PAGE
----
After months of ignoring his challenger’s request for debates, incumbent Republican Gov. Tate Reeves announced he has agreed to a televised debate on Nov. 1 — six days before the Nov. 7 general election.
But it’s unclear whether Democratic challenger Brandon Presley, who has vowed to debate Reeves “any time, anywhere,” will agree to the match Reeves now proposes. Presley in a statement said he’s still planning on “debating five times in October in every media market in the state,” even if he has to “bring an empty chair to those debates if Tate Reeves is too scared to show up.”
Presley’s campaign initially would not respond to questions Wednesday on whether he would accept Reeves’ proposal of a Nov. 1 debate. But later, in another statement, Presley said, “We will commit to the November 1 debate if Tate Reeves agrees to any of the statewide televised debates I will be attending in October.”
“Tate Reeves is hiding from Mississippians because he can’t defend his role in the largest public corruption scandal in state history or why your community hospital is on the brink of closure,” Presley said. “Mississippians deserve to hear from both candidates for governor because of the serious challenges our state faces — and that’s why I’ve accepted five debates.”
Presley has for months accused Reeves of dodging, but recently Reeves said he would participate in “debates” — plural. In his social media post on Wednesday, Reeves referred to Nov. 1 as “the first gubernatorial debate.” But it is unclear if there would be time to schedule others in the final days before the election.
When asked if the campaign had agreed to others, Reeves’ campaign issued a statement that said, “We received an official debate invitation from WAPT on Monday, and accepted it today.”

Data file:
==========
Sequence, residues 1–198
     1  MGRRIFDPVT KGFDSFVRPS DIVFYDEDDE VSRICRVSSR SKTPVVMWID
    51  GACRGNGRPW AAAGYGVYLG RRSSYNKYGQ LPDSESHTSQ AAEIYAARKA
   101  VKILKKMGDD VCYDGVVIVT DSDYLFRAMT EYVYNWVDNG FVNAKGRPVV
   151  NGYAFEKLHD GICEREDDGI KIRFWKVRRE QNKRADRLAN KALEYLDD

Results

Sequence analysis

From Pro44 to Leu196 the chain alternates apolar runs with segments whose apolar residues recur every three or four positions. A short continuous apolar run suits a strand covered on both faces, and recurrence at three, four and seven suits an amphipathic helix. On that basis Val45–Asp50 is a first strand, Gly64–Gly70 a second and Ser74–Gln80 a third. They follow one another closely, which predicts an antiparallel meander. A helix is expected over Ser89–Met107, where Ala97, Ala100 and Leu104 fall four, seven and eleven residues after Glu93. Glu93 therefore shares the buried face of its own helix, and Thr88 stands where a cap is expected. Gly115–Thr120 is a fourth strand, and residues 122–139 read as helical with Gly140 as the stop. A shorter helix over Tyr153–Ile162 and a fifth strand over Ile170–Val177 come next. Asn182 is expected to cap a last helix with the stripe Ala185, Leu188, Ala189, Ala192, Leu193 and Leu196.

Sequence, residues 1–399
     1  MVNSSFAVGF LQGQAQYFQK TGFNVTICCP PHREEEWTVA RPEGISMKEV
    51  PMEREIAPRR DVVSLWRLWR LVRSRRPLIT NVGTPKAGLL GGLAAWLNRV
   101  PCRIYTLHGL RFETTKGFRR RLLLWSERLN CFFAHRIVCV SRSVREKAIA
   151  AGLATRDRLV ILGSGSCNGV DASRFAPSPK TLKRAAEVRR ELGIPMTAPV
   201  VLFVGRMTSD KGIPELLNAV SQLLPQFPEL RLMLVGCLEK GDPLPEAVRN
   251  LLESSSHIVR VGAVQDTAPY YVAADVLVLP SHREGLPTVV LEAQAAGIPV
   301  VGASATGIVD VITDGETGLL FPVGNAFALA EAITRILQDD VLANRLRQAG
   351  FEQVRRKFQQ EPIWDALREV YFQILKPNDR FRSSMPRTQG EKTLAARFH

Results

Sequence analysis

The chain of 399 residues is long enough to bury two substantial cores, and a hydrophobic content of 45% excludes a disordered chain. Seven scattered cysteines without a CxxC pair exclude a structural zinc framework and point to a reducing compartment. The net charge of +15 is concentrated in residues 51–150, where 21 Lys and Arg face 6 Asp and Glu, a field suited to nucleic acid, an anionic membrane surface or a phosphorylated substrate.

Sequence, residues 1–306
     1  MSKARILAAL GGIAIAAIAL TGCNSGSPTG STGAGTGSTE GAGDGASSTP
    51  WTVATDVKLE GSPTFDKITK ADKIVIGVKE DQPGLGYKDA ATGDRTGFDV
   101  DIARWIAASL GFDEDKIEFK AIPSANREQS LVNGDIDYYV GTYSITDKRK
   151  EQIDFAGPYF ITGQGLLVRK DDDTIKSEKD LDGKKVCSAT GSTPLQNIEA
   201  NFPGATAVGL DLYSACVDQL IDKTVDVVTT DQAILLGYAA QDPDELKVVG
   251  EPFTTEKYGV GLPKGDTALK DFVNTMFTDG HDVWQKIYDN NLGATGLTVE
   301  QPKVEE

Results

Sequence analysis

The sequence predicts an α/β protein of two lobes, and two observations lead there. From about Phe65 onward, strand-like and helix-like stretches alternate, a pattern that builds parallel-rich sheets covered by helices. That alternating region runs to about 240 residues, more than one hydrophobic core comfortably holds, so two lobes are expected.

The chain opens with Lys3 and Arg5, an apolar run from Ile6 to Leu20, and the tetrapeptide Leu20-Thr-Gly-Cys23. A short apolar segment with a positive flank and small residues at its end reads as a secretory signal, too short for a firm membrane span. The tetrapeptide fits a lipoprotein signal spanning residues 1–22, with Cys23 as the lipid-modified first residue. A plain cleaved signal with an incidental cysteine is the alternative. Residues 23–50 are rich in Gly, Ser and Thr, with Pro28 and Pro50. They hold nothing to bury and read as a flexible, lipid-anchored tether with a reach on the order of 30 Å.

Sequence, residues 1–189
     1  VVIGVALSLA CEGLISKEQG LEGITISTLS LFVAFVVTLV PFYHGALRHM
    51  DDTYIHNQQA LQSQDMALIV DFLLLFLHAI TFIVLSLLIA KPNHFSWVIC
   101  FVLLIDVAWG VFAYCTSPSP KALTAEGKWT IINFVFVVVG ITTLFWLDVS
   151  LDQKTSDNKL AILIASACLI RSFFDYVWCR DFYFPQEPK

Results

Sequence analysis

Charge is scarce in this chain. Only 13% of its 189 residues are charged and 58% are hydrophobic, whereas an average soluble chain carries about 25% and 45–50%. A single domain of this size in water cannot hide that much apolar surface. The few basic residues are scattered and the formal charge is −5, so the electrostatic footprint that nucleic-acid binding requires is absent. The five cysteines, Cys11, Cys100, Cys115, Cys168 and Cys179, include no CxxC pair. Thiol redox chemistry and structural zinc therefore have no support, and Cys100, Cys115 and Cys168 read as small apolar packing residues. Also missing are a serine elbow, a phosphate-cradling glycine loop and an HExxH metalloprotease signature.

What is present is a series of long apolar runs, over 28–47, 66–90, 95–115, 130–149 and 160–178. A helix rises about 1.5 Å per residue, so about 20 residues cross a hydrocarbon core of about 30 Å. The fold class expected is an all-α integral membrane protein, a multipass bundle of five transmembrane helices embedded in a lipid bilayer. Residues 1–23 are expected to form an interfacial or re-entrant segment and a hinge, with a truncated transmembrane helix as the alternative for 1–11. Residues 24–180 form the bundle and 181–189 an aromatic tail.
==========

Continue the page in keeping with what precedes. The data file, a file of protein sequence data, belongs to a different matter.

Reeves’ social media post Wednesday on said: “Pleased to announce that the first Gubernatorial debate will be on November 1st at 7:00 PM on WAPT! I’m looking forward to talking about our record on jobs and schools, and dispelling the lies funded by out-of-state liberals.”
Presley has for months called on Reeves to debate him. Presley has proposed five debates and had accepted debate invitations including ones from WJTV in Jackson for Oct. 13 and TV stations across the state owned by Gray Television for Oct. 26.
The Presley campaign recently aired an ad with bloodhounds searching for the governor and accusing Reeves of hiding from Mississippians and dodging debate.
Reeves has recently said he looks forward to debating Presley and dispelling lies.
Conventional wisdom is debates would be most likely to help a challenger such as Presley, trailing the incumbent in campaign cash and name recognition.
Every Mississippi gubernatorial election since at least 1987, with the exception of one, has seen candidate debates — and in most cases multiple debates. In 2015, incumbent Gov. Phil Bryant did not debate his Democratic opponent Robert Gray.